Divorce, Israeli Style
by Susan Weiss
How much is your freedom worth? Would you give up custody of your child to free yourself from an oppressive marriage? Can you set a price on your child-bearing years?
These problems torment my clients daily. I am a divorce lawyer in the State of Israel. I also happen to be an Orthodox Jew. Every time I represent someone petitioning for divorce, my client must inevitably pay for his or her freedom. Usually, the less integrity the spouse and his or her counsel have, the higher the price. This axiom is mandated -- even encouraged -- by Jewish law as applied by the judges who sit on the state rabbinical courts and who have sole jurisdiction over marriage and divorce in Israel. Religious law, as they interpret it, makes it virtually impossible for a couple to get a divorce unless both spouses agree to it. Unfortunately, Israel's secular laws and judicial rulings reinforce the reality of institutionally sanctioned extortion.
A few of my clients have bought their freedom at the cost of their children. I once represented a woman whose husband refused to give her a get - a Jewish divorce - unless she gave up custody of her son. After two years of litigation, she relinquished custody in return for her get. The dayanim - rabbinical judges - promised to return her son after the divorce. After she received the get, the social workers wrote a report saying that her son's best interests were served by being placed in his mother's custody. A court-appointed psychologist determined that the father suffered from an "antisocial disorder" (translation: he was a psychopath). But only one of the three judges ruled that my client should regain custody. After two more years of litigation, she gave up. She hasn't seen her son in years.
Was her freedom worth the price?
Most of the time, the cost of freedom is just money. Payment is usually in installments, or in the waiver of rights that are not easily assigned value. Many mothers, in the interest of a quick escape, compromise over the amount of monthly child support they'll receive for their children. Sometimes, they waive the right to sue for higher support payments after the divorce. The Israeli Supreme Court has sanctioned such waivers, viewing the get as an adequate quid pro quo.
Husbands who sue their wives for divorce may also encounter institutionally sanctioned extortion. Their wives may hide unreasonable demands behind their children's needs or their economic woes, or they may abuse their custody rights to exact monetary benefits that the law would not give them. A mother may refuse to accept the divorce unless the father agrees to cede the house to her, or keep the children from him unless he increases child support. One of my male clients bought his freedom by relinquishing all but 10 percent of the communal property. His generosity bought him swift relief and he was able to remarry and have two children with his new wife. Was his freedom worth the price?
Overall, though, the rules favor the husband. If a married woman has a child by another man, the child is a mamzer, forbidden by Jewish law to marry anyone but another mamzer. A woman trapped in marriage risks never having children again unless she pays the price of a divorce -- any price.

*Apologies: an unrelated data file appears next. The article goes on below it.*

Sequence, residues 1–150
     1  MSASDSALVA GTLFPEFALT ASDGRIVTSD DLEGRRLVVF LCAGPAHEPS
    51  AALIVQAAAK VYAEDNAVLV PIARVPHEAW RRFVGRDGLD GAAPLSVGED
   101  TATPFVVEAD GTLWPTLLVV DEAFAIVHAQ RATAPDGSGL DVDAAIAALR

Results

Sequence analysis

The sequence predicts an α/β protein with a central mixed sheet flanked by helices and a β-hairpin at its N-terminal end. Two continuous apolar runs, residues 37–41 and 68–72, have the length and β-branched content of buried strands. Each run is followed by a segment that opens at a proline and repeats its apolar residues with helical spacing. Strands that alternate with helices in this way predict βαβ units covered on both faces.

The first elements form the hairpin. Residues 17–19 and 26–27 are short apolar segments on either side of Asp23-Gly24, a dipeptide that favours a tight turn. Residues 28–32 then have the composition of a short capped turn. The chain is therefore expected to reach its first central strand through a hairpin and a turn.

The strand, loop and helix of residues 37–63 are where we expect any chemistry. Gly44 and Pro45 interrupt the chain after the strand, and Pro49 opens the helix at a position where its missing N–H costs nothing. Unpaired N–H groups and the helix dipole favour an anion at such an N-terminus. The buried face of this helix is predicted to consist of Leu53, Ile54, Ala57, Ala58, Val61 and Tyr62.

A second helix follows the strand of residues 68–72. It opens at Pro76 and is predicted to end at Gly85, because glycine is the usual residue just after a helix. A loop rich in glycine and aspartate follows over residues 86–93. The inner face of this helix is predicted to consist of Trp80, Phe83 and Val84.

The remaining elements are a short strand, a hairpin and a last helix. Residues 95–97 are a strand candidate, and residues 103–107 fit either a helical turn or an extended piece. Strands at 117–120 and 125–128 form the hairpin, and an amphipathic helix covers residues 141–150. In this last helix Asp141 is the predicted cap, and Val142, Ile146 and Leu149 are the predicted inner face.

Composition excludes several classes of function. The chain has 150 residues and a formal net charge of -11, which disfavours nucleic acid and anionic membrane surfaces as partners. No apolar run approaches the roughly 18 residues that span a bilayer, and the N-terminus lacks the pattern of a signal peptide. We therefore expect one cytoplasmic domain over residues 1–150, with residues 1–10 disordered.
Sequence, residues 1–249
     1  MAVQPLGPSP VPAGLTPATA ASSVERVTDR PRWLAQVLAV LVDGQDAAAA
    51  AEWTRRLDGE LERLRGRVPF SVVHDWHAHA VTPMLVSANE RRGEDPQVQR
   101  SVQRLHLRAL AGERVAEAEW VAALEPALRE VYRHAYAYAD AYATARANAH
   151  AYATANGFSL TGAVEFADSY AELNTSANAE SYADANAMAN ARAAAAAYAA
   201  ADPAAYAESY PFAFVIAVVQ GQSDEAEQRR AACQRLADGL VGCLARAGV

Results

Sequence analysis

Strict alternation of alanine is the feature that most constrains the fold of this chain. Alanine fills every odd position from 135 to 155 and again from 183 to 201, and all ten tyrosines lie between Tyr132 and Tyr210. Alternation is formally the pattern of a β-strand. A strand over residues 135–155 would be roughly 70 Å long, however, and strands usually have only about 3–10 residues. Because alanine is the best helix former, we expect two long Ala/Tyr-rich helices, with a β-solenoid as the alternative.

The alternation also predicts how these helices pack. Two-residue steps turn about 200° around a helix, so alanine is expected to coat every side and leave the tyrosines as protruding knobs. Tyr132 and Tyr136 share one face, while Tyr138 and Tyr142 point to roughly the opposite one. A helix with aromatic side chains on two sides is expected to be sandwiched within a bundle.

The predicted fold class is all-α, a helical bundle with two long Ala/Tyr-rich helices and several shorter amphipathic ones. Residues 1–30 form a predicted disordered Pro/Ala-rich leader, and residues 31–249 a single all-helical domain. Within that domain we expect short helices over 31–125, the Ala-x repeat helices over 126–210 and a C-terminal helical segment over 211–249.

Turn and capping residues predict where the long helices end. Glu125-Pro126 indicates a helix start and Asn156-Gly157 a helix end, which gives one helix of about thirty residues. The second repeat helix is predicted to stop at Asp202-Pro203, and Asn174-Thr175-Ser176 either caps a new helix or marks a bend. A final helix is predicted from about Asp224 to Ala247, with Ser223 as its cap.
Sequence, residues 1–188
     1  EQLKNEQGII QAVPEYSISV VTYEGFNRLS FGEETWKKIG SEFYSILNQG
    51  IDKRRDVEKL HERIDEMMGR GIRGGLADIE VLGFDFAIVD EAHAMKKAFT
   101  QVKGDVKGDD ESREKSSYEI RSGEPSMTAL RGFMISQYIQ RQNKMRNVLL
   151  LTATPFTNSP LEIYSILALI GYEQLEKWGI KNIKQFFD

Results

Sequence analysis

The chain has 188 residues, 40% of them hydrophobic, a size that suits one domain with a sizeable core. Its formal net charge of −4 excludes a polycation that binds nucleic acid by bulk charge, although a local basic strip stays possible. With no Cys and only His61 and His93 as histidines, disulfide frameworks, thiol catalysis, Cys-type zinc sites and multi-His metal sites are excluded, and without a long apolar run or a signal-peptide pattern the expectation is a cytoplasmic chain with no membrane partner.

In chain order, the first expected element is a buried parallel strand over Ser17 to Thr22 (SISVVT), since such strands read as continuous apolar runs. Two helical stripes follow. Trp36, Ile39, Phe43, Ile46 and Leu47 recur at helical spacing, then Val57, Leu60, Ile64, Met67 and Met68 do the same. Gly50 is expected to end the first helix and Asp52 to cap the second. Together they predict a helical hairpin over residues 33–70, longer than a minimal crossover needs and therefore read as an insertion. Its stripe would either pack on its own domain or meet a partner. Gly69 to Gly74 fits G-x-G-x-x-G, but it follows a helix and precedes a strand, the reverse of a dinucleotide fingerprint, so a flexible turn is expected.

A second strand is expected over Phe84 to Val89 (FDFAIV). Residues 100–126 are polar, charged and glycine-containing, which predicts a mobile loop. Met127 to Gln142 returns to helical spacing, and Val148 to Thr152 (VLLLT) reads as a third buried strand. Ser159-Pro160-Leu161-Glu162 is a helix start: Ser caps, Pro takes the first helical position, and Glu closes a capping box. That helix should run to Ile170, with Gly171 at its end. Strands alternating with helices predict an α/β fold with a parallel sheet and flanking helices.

Why is this extortion sanctioned by the State of Israel? First, because the dayanim are unwilling to wield their power under religious law, halakhah. second, because the political balance in Israel does not allow the state to provide civil courts with any powers that would compensate for the weakness of dayanim.
Rabbinical courts almost never compel a husband to give a get or a wife to accept one. I know of no occasion on which a rabbinical court has annulled a marriage. The rabbis encourage the payment of money to solve problems they have shown themselves impotent to resolve. Political concerns have squelched reformers' efforts to amend secular law to change or compensate for this situation. Religious parties have stymied legislation that would allow for division of property before the formal divorce.
In fact, Halakhah gives dayanim the power to order someone to give or accept a get, or even forcibly compel him or her to do so, or to annul a bad marriage. Prenuptial contracts have been proposed by some prominent rabbis and attorneys that would reduce significantly the possibility of extortion, by requiring husbands to provide steep support payments after separation and before divorce. The rabbinical court judges have refused to avail themselves of such solutions, insisting that they "present halakhic problems."
Such answers don't satisfy me. The religious public must demand solutions from their rabbis. And secular laws must be enacted that will compensate for the halakhic authorities' weakness -- and ultimately pressure them to seek solutions. For instance, the law should allow civil courts to divide property before the divorce is finalized. It should also allow the civil court to take into account any get blackmail and compensate for it.
The price of one's freedom or one's womb must no longer be a factor in divorce negotiations.
Susan Weiss made aliyah from the USA in 1980 and has maintained a private Family Law practice in Jerusalem for over 10 years. She teaches a course on Personal Status at Ohr Torah Stone's Women's Advocate Program for the Rabbinical Courts. Weiss initiated the Ohr Torah Stone'sLegal Aid Center and Hotline to serve clients who cannot afford to retain the services of a Advocate. In addition, she also lectures widely on the subject of prenuptial agreements and the rights of an agunah. Weiss is married and the mother of 5 children.